Day 22 — De-alcoholised wine 101
We are 22 days into the lockdown in South Africa, as well as 22 days into the ban of alcohol sales. I am very quickly running out of wine at home, as you’ve probably read in my earlier lockdown series articles. So, yesterday when I did a grocery run I came across a few bottles of Van Loveren Almost Zero wines hidden away in a dark corner in the local shop. I bought two. Partly because desperate times are calling for desperate measures and also because the theme for today’s #SAWineLockdown is Canned and Non-alcoholic wines.
Having never had canned wine, non-alcoholic or de-alcoholised wines I thought it would be best to buy some and taste it, so that I can have something to write about today.
Quite honestly, I’m not convinced about canned wines, but will make an effort to try some as soon as the ban on alcohol sales has been lifted.
Now, on to non-alcoholic and de-alcoholised wines. There is a difference between these two types of wine. What might that be?
Non-alcoholic wine is, in essence, grape juice that is oftentimes made from normal wine grape varietals (Sauvignon Blanc, Cabernet Sauvignon) but never went through the fermentation process, thus not converting the sugars to alcohol. De-alcoholised wine is wine that went through the full winemaking process after which the alcohol was removed.
There are a couple of processes that can be followed to remove alcohol from wine. Today I will be writing a bit about one such process that makes use of the Spinning Cone Column.
In a nutshell, the process involves wine being poured into a vertical, stainless steel column in which ascending nitrogen gas (fed into the bottom of the column) is used under vacuum to remove volatile components in the wine. The column consists of a series of inverted cones in sets of two. One of the cones in the set is fixed to the inside of the column, while the second is mounted on a rotating axis. The wine flows down these sets of cones and is transformed into a thin liquid film by centrifugal force, which comes in contact with the ascending nitrogen gas to remove the aroma and flavour compounds. The aroma and flavour compounds are condensed, separated and stored until after the alcohol has been removed from the wine and these can be added back. The liquid is then run through the process a second time, at a slightly higher temperature (about 28°C) to remove the alcohol.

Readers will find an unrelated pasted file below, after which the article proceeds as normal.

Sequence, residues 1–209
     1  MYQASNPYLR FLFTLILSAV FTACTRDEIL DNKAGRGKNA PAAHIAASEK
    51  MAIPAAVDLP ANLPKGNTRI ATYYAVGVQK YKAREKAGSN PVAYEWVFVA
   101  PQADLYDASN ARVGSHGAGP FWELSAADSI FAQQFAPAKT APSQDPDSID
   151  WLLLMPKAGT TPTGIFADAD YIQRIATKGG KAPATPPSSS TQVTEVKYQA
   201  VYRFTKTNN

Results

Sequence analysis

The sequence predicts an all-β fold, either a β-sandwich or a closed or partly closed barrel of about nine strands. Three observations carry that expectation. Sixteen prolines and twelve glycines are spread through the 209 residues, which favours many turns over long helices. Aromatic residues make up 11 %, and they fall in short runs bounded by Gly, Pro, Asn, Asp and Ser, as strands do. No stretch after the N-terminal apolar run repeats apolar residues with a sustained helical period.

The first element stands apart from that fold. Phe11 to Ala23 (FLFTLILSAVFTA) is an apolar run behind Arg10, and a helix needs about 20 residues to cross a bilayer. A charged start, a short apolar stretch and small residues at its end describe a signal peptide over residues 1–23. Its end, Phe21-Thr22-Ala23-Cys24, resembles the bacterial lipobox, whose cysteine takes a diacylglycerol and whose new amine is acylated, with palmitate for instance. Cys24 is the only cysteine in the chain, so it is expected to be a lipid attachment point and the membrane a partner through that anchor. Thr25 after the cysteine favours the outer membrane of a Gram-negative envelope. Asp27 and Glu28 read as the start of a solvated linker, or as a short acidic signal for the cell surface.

For every 1% of alcohol that needs to be removed from the wine, 10% of the total product needs to be put through this process.
This is a good option for removing alcohol from wine as it doesn’t require a lot of electricity and it doesn’t heat up the wine too much.
The process is much more complex than this short explanation, but this version will make you sound pretty clever the next time you talk about de-alcoholised wines. 😜
Drawbacks of de-alcoholised wine
Even though, in theory, it is a good thing to reduce the alcohol content of wine, it does mess with the overall composition and flavour profile of a wine. The question you might want to ask is why will it impact the flavour profile of the wine if we are only removing the alcohol , capturing the essence (flavours) and adding it back to the wine afterwards?
Alcohol is an important vehicle in delivering the aromas of a wine. Most of the aromas are transmitted from the surface of the wine when the alcohol evaporates — this is why red wines can sometimes be ‘shy’ when they are too chilled and why cognac is slightly warmed. This means that de-alcoholised wines have flavours that are mostly associated with their sour post fermentation flavours.
Another problem, more specific to red wine, is that some of the processes involved in removing alcohol from wine also removes the tannins.
My thoughts on the wines
I bought a bottle of the Van Loveren Almost Zero Ravishing Rosé as well as a bottle of their Wonderful White.
Both of the wines look like what they ought to, with the white wine having a pale lemon colour and the rosé a pale orange colour.
I wasn’t really able to pick up a lot of flavours on the nose, but managed to identify cape gooseberries, lime and bruised golden delicious apple on the white wine.
The rosé is off-dry and very astringent/acidic, but lacks flavour. It is, however, a nice light summer drink that I would recommend to someone cutting out alcohol for any reason.
The white wine seems drier and less acidic than the rosé, and has stronger flavours of ripe cape gooseberries and pear juice, as well as lime.
Final thoughts? It doesn’t taste like ‘real’ wine and I think that it is unfair to expect it to. And yes, I will drink more of this.
Thanks for reading! Good luck for the rest of lockdown, buy some de-alcoholised wine. 😁
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P.S. Thanks to my friend and technical-editor for the day winemaker André Roux from Rupert & Rothschild Vignerons.